Good cultural relativists that we are, American reporters and scholars have usually skirted the question of democracy in China. Who are we to say our political system has any relevance in a dirt-poor land of 1 billion people?
We write of political prisoners and harsh justice in Peking but try to place it in historical context. The emperors were usually rough on free thinkers. Peasants in Guizhou have little knowledge of or interest in the Magna Charta. Chinese advocates of truly free elections have always been a fringe group, no more influential than the Communist Party is in the United States.
Nonetheless, Andrew Nathan, a Columbia University professor and one of the best of the new generation of China scholars, plunges into these deep and dangerous waters and emerges with unexpected treasure. In the process, this thoughtful and original book reveals how intriguing and moving his topic can be to an American reader, once rid of the need to apologize for the wealth and luck that have brought us a free press, an independent judiciary and a stable two-party system.
I believe we have the best political system on earth. I also believe there are no better people than the Chinese--energetic, family loving, considerate. But can the one be applied to the other?
The history of China since the last days of the Qing dynasty a century ago frustrates the student looking for a theme, a star to guide on. There is too much going on--foreign invasion, political upheaval, technological transformation, cultural ferment. Nathan tells the story from just one angle, the Chinese flirtation with the principles of Western thought best summarized in the American Bill of Rights. This makes the story much clearer.
He goes to great lengths to be fair to those Chinese who think their current political system has merit, to the point of saying in his introduction that China "is widely viewed as a model of democracy." A United Nations diplomat might be able to twist the word that much without blushing, but the notion renders democracy almost meaningless. Nathan fortunately wastes little time defending this sort of double think, which lets even East Germans and North Koreans claim democracy as their own.
Instead, we are treated to a deft lesson in recent history, including some remarkable illumination of the ill-fated "democracy movement" of 1978 to 1979. Nathan strips away the slogans the Chinese have used to cloud the issue and leaves us a bare, but vaguely hopeful truth: From the brilliant turn of the century writer-politician Liang Qichao to the now imprisoned worker-editor Xu Wenli, a small core of Chinese have argued that democracy might work, even under the Communists, if given two essential tools--competitive elections and an independent press.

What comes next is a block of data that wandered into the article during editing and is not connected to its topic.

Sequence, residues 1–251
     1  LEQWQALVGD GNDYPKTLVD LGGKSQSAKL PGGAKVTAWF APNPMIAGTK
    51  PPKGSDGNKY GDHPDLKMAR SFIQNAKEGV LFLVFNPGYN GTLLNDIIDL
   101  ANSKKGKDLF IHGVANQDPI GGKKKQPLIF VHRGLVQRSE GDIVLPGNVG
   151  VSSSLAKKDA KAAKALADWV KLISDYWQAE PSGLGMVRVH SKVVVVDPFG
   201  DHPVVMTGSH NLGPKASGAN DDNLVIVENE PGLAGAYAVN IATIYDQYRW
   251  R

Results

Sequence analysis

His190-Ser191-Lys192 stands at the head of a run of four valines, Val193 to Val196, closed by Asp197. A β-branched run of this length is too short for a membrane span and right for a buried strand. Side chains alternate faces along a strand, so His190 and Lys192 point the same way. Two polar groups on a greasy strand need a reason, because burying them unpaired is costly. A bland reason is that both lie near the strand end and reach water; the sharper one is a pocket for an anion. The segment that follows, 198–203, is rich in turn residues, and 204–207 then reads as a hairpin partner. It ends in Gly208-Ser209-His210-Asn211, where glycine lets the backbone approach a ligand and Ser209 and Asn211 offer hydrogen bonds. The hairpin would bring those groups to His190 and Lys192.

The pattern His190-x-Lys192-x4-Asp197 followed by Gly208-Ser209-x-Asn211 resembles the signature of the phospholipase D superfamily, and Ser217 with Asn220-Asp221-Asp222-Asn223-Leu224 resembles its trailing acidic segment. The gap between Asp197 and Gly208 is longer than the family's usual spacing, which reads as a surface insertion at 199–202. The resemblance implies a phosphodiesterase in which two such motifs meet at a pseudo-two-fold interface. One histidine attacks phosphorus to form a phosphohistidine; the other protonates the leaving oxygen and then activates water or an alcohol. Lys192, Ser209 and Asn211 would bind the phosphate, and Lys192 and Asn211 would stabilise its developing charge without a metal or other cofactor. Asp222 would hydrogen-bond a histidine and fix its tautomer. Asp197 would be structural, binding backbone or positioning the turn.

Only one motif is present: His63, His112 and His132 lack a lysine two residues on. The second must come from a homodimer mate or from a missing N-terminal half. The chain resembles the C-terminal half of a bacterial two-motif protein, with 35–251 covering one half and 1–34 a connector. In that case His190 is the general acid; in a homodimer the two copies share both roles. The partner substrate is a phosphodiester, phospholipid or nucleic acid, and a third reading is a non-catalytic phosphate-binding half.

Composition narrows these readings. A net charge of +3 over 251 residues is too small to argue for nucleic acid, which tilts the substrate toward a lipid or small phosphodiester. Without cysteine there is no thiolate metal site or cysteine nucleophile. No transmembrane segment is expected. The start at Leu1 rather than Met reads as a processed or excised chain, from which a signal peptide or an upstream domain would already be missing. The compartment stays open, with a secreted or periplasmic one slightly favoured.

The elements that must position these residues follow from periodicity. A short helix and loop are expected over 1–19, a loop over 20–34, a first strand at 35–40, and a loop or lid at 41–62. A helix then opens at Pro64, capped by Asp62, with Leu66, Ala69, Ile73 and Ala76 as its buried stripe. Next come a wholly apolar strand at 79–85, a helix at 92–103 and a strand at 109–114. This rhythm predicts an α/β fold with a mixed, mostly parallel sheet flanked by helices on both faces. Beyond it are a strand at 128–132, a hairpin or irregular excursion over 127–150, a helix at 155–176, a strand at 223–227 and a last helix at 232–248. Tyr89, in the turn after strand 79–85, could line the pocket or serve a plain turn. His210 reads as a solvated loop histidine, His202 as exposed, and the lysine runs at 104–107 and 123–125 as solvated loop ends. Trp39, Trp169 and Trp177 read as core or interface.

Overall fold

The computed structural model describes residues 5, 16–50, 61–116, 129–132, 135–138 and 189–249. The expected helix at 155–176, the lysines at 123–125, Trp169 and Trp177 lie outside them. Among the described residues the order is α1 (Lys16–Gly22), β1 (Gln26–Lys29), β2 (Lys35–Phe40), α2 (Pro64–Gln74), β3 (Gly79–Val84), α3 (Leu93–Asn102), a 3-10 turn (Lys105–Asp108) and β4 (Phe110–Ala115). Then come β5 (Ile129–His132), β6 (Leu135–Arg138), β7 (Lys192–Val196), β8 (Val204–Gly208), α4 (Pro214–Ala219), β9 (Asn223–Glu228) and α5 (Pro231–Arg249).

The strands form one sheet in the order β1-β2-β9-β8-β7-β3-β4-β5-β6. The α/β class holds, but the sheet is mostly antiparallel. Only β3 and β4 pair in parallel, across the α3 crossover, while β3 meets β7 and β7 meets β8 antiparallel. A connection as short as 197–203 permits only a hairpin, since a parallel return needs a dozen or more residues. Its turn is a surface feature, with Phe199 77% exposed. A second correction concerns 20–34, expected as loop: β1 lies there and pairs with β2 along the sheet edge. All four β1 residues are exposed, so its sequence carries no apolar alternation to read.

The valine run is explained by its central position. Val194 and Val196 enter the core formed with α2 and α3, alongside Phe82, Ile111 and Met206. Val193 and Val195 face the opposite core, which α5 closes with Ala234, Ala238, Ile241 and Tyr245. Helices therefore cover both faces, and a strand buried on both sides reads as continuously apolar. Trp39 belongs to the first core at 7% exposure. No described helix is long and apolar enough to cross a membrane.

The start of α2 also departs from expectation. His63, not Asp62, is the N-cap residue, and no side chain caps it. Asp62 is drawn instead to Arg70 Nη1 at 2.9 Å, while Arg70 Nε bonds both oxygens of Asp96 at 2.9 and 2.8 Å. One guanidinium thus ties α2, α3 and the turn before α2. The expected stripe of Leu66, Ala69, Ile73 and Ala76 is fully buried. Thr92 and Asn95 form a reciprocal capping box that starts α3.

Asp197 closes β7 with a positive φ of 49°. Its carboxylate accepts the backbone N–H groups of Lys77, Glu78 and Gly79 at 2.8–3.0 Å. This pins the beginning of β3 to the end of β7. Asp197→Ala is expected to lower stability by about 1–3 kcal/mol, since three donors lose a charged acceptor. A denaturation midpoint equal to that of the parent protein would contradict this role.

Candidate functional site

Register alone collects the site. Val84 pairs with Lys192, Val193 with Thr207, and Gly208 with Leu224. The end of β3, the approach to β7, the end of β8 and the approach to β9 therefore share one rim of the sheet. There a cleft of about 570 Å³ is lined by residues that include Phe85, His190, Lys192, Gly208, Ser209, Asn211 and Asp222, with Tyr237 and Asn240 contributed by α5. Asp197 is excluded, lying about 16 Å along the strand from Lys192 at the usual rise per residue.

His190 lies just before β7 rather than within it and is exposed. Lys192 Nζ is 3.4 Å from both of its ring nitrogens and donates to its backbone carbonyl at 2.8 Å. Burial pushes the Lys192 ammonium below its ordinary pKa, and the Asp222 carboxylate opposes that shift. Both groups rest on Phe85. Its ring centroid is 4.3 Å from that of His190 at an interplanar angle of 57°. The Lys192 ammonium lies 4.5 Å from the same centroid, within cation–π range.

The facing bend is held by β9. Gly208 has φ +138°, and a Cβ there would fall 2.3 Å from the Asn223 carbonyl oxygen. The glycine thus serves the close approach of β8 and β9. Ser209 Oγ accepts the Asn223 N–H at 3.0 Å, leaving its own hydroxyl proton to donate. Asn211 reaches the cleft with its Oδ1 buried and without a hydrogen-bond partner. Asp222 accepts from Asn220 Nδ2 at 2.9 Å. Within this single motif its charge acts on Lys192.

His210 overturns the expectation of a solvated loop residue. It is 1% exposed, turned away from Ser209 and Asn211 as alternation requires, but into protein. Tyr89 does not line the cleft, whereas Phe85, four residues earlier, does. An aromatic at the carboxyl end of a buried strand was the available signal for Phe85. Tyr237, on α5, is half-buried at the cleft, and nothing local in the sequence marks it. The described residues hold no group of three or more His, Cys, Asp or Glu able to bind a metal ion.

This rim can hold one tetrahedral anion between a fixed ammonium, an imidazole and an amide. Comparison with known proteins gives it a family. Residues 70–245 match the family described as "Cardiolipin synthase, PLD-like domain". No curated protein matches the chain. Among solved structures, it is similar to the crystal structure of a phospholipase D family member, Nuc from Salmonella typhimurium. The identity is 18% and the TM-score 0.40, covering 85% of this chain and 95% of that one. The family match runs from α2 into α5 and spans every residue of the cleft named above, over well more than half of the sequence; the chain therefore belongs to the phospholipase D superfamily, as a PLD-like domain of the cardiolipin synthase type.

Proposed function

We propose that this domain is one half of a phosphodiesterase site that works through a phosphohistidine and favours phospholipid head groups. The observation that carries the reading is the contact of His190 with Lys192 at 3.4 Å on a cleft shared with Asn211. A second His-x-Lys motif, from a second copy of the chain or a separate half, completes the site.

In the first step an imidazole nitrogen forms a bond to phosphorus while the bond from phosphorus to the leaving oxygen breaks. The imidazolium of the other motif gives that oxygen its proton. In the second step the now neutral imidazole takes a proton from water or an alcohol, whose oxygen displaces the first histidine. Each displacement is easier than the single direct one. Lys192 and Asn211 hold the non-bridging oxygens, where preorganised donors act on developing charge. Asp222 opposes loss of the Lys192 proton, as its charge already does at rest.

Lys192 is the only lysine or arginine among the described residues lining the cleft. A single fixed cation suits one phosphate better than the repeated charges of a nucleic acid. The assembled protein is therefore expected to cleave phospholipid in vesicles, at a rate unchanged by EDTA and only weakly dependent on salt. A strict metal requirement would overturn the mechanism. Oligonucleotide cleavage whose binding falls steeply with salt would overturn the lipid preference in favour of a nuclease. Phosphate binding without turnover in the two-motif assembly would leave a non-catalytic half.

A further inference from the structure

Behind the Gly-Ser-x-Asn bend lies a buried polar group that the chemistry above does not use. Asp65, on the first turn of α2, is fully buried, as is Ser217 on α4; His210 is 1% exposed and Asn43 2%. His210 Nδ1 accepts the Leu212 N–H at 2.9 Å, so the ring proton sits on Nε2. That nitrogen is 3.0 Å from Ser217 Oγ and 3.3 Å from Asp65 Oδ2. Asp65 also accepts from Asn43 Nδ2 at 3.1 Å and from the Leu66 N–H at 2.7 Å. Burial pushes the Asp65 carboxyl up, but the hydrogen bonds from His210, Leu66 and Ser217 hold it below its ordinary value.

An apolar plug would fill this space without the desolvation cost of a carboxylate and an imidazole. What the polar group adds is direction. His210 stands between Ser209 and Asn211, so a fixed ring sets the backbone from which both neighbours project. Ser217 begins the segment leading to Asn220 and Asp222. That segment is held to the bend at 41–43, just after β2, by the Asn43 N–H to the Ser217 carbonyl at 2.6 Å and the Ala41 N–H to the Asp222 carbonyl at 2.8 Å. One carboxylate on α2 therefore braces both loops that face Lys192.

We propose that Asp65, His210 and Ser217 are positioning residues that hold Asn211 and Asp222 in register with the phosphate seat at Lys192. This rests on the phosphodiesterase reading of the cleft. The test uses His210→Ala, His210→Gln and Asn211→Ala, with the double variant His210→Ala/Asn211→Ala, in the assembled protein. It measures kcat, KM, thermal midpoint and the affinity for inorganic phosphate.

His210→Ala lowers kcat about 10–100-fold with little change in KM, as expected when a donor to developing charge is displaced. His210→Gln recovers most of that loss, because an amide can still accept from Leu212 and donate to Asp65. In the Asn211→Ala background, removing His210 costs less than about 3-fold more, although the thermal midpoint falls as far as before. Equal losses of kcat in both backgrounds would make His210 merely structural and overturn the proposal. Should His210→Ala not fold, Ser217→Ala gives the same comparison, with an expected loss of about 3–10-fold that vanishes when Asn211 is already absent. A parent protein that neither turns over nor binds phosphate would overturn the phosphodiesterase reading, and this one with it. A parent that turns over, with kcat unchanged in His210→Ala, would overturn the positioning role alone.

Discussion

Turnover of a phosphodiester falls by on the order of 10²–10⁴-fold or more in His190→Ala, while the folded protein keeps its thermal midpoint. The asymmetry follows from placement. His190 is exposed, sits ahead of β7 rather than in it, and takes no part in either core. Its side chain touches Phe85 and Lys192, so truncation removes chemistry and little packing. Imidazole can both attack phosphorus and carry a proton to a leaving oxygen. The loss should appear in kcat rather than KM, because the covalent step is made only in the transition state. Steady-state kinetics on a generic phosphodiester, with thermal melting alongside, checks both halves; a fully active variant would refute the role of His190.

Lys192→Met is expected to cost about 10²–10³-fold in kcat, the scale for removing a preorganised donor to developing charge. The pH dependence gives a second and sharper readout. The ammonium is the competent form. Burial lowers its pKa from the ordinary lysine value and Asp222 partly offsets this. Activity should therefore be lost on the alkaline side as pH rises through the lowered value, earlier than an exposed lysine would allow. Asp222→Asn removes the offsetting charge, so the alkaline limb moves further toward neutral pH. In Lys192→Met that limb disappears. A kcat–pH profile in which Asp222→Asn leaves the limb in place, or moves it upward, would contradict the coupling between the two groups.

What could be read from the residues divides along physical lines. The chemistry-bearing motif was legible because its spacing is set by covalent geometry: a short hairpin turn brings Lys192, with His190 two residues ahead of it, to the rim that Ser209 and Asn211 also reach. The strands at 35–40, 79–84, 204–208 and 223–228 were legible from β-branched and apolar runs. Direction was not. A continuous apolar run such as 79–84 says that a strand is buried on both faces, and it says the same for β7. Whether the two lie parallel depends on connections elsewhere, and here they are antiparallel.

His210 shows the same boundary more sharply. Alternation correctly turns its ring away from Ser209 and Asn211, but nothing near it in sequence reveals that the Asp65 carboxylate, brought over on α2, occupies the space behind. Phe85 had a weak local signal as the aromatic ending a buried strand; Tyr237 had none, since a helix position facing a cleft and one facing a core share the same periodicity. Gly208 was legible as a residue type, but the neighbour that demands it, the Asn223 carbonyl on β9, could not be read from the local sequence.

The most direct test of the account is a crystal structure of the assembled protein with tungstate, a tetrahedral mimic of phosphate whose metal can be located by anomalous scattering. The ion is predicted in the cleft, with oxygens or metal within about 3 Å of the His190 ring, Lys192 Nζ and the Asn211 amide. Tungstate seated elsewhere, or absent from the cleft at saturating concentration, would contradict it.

That they have gotten neither may in part be their fault. Nathan says in an inspired final chapter on "China and Western Values": "Confucius once said, 'Is virtue a thing remote? If I desire to be virtuous, virtue will be at hand.' To the democrats, pluralist reform was similarly a matter of making up one's mind as to its desirability, and so they concentrated on demonstrating the benefits of their proposed reforms, as if this were all that was needed to make the case for adopting them. By default, they left the task of evaluating their ideas' practicality to those who feared . . . that society was still too backward to allow the people to hold real power."
Having inherited a well-founded horror of disorder, deprived of the several centuries of trial and error in power-sharing with which Western Europe had been blessed, burdened by a language that stymied mass education, the Chinese came into this century ill-prepared for the friendly, informed competition that made the Western systems work, but some of their best minds, Nathan shows, got the idea and spread it.
His account of the way Chinese embraced the independent, if beleaguered, press of the early 20th Century punctures the old argument that the Chinese just don't want such an American luxury. One writer compares the 1896 publication of Liang's journal "News of the Times" to "the explosion of a large bomb, which woke many people from their dreams." By describing the small reforms of the post-Mao era in exhaustive detail, Nathan inspires hopes that bits of democratic practice--electing shop foremen, for instance--may gradually wear away the old Chinese fear of competition and checks on central power. Even the party-controlled press, a depressing institution to all but the dreamiest optimists, does allow some investigative reporting and has given a majority of Chinese the habit of looking for concrete proof of government claims.
Nathan's fascinating interviews with recent Chinese emigrants, analyzing their reactions to their own press and gauging the breadth of their information, suggests the raw material for a more democratic society is there. Those who hold to the dreams of Liang and Xu are very quiet now, but Nathan's book shows that they are there, and for the moment that is enough.